Thriving wildlife of Galle and Rumassala

When Anoma Algiywady and I examined a flock of terns at the bridge within sight of the Lighthouse Hotel, we came across a flock of 300-400 Little Terns, roosting on the beach. Less than half-a-dozen Gull-billed Terns in breeding plumage and a similar number of White-winged Black Terns in non-breeding plumage were also present. Only about 5% of the Little Terns had the yellow bill acquired in breeding plumage.

Little Terns

Before lunch, Anoma and I visited the home of Sameera Akmeemana, who had done the layout of the dragonfly poster of the Wildlife Conservation Society of Galle. His house is a few hundred metres inland from the Galle Fort at the base of a scrub and tree covered hill. It's an amazing reservoir of wildlife. There was an endemic Whistling Lizard (Calotes liocephalus) holding territory on a mango tree. This may be one of the first records from such an urban environment. It characteristically stayed about ten feet above the ground. A troop of Purple-faced Leaf Monkeys, endemic mammals, perched on the trees in the neighbouring gardens. A family of Brown Mongooses bickered, where apparently a mother had two cubs and one had dashed across. About two years ago, Sameera had even had a Fishing Cat crossing his garden. A pair of Spotted Doves flew in and were not concerned at me crouching down and photographing them.

Around 4.30 p.m. we visited Rumassala, which still has perhaps a few hundred acres of degraded forest and secondary forest and scrub. The jungle beach was good for butterflies. Several Plum Judy's were present on grassland near the beach. We had a view of one of the two largest Lycaenid species near the temple. They flew out showing relatively large blue wings and then dove into a shaded thicket, which was about 10 feet above the ground. The height at which it roosts may be one of the reasons why it is so hard to see.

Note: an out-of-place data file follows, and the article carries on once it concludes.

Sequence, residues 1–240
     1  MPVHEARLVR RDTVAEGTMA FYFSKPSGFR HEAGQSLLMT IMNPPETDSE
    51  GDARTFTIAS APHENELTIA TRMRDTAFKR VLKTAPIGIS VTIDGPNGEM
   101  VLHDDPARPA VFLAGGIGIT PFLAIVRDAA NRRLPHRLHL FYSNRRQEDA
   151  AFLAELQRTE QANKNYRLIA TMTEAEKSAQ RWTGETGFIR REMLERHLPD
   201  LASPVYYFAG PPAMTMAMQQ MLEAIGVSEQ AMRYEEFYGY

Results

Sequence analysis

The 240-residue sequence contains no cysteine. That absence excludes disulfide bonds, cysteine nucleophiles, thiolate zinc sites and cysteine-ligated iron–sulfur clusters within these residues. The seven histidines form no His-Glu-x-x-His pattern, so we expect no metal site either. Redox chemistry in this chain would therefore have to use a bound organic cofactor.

Common Sailors and Common Pierrots were present in good numbers. Although Common Sailors are a common butterfly, this was the first time I made a conscientious effort to photograph the under-side. In preparing the first edition of the Butterflies of Sri Lanka and Southern India booklet, I realized that I did not have a photograph of the under-wing. A Nigger was active when dusk was settling in. We also saw what may have been a Long-winged Skimmer (Lathrecistica asiatica), but could not be sure as it flew away. On the beach we watched hermit crabs labouring along the sand, dragging the shell of a long dead marine snail.

Gehan's Journal is an ad hoc series of lightly-edited extracts from the 'on the hoof' notes maintained on his laptop by writerand photographer Gehan de Silva Wijeyeratne




Jacaranda – a graceful beauty

This beautiful tree grows to a medium height of about 50 feet. The leaves are large and bipinnate. They are divided into tiny segments and have the fine appearance of a fern. Each leaflet is oblong with a pointed end and is slightly larger than the previous one, while the terminal leaflet is larger than the others. The delicacy of its leaves make the Jacaranda appropriate for growing as an ornamental foliage plant in pots as suggested by Macmillan.

The flowers of the Jacaranda are large and mauve-blue. They appear in clusters and each flower is bell-shaped with a tube. Some of the lobes are smudged with a spot of white. During the flowering season, from March to May, the entire tree is covered in these clusters of flowers.

The fruits of the Jacaranda are flat capsules, filled with many seeds. The trunk of the tree is light-coloured, and the tree usually grows straight and tall. The Jacaranda was introduced to Sri Lanka in 1886 from Brazil and grows well in dry and moist climates. It has been planted throughout the hill country and blazes of blue can be seen at this time of the year. Look out for it as you drive through Haputale and Bandarawela and in Colombo in the grounds of the Cathedral of Christ, The Living Saviour, next to the BMICH.

In South America, the tree has medicinal uses, but it is not known whether these uses have been discovered by Sri Lankan ayurvedic specialists. The local names for this tree are unknown. The scientific name is Jacaranda mimosaefolia or Jacaranda acutefolia which refers to its acute leaves.

Compiled by Ruk Rakaganno

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